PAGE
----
Your Guide to Drinking Whisky

We shared a wee dram with Brand Manager for Whisky at Southtrade International Andrew Milne, who told us everything you need to know about this delicious golden drop. 

What makes whisky, well, whisky? According to Milne, it varies country to country slightly, but essentially it’s a spirit made from fermented grains (typically malted barley, rye, corn or wheat) that’s been distilled, then aged in oak casks for a minimum of two to three years, but often much longer. It’s then bottled at a minimum of 40% ABV. “There are many caveats here, but essentially that’s the general rule,” Milne says. “Basically, make a beer without hops, chuck it in a kettle and capture the steam. That’s your whisky.” 

“Make a beer without hops, chuck it in a kettle and capture the steam. That’s your whisky.”

Brand Manager for Whisky at Southtrade International Andrew Milne

Whisky is made around the world, however the most famous whisky makers would be Scotland, Ireland and North America. These countries have official bodies that strictly govern whisky production. “Some say Ireland created whisky, and Scotland perfected it… but you have to be careful who you say that to!” Milne says. 

“Scotland has a skill and tradition to its whisky production that’s been passed down over many years. The skill set and knowledge of these distillers is incredible, as most have worked their way through the distillery from an early age and know every aspect of production. That knowledge inevitably makes great whisky. 

“There’s some incredible innovation across the world, but I feel that Scotland is very much the whisky knowledge pool that all other countries learn from.” 

How Whisky’s Made: From Malt to Bottle

Whisky around the world… and at home 

The world of whisky is ever expanding, with many  countries you wouldn’t
usually associate with whisky now getting some serious attention.  “India has been showing some incredible quality in their single malt whisky from distilleries such as Paul John and Amrut,” Milne says. 

You’d be amazed just where whisky is being made these days. Scandinavia
is making some really good-quality whisky and an Israeli distillery also recently released a whisky.  “India, Taiwan and Japan are definitely some of the most developed in terms of experience,” Milne says. 

Japan has recently taken the whisky world by storm and – given the limited supply – prices have now shot up to reflect that.  But what about Australia? Well, we recently won a few world awards for our whiskies, so we’re certainly not a country to sniff (snifter?) at. 

“It used to be believed that all Australian whisky was made in Tasmania,” Milne says. “But we have distilleries in almost every state now, and the overall quality is superb. 

“There’s plenty of variety out there. Starward Whisky in Melbourne is a particular favourite of mine and great value for those just getting into whisky. But there’s so much to explore in just Australia alone. You can also expect to see more and more from all across the world in the coming years.”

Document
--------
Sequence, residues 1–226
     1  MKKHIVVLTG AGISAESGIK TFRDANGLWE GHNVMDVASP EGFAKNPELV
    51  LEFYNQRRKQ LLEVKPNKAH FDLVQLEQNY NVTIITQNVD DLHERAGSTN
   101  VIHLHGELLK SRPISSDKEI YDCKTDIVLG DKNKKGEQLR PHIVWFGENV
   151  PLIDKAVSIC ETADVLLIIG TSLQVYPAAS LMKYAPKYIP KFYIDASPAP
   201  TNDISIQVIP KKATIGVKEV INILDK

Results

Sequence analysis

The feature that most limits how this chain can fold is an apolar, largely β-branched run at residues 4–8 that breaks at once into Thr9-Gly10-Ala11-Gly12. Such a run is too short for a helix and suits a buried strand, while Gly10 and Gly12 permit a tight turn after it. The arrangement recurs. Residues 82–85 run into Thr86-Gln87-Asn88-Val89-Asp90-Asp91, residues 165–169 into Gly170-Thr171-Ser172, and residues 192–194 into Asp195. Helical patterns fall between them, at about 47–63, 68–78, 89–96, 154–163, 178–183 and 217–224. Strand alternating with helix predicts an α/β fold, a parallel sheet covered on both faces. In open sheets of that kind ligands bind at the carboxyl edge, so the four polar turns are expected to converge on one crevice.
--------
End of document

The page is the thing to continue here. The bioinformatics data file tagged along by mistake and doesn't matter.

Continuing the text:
Around The World With Whisky 

Gotta love a company built on passion… and good alcohol. The Whisky Company is
a promising start-up aiming to be Australia’s number one dedicated online whisky store. The founders, originally from Scotland, have a shared love of whisky and want to introduce Aussies to the joy of whiskies from around the world. They are happy to help you
find a rare whisky or introduce you to their lifelong passion. True connoisseurs, TWC
will take you on a global whisky adventure. Check out their site below. Cheers! 

Whiskey Cocktail?

Forget the G & T – whisky and tonic
is a great drink.  “Especially
with a lighter style like Fever-Tree Mediterranean Tonic Water,” Milne says. 
“I’m also a big fan of the classics – so things like a Manhattan (whisky, sweet vermouth and bitters), Boulevardier (whisky, sweet vermouth and Campari) or Sazerac (rye whisky, absinthe, bitters and sugar). 
But you can also use whisky to replace other spirits to create a great cocktail. Starward Two-Fold Pina Coladas are life-changing.” 

FAQ: Spirits

Super-expensive whiskies: Are they
really worth the extra dosh? 

“Does an Omega tell the time better than a Casio?” Milne asks. “Super-expensive whiskies are generally highly priced due to rarity and age. That doesn’t mean they’re not worth the price, it just means that to most, they’re either unaffordable or not worth the perceived value.
The quality of these whiskies is usually really high, but for most of us it’s unlikely to become your everyday drop.” 

Beginner’s buying guide

“I’d recommend starting with a grain-led whisky or bourbon as these tend to be softer, with less of a ‘burn’ factor that people might find off-putting,” Milne explains. “Something soft, sweet and fruity like Buffalo Trace Bourbon is a
good option. More locally, Starward Two-Fold is a great introduction to whisky. They mix grain and malted barley and mature in red wine casks, giving you a soft, fruity whisky that’s great neat or with a mixer like tonic water.” 

Storing your whisky

“Always store your whisky upright and away from direct sunlight, as these are the easiest ways to damage your whisky,” Milne advises. Storing your whisky lying down will lead to the cork disintegrating , allowing oxygen to leak into the bottle and affecting the taste. “Ideally, you want a consistent climate where you don’t have strong temperature fluctuations, but only if you’re storing for extended periods of time, such as two years or more.” 

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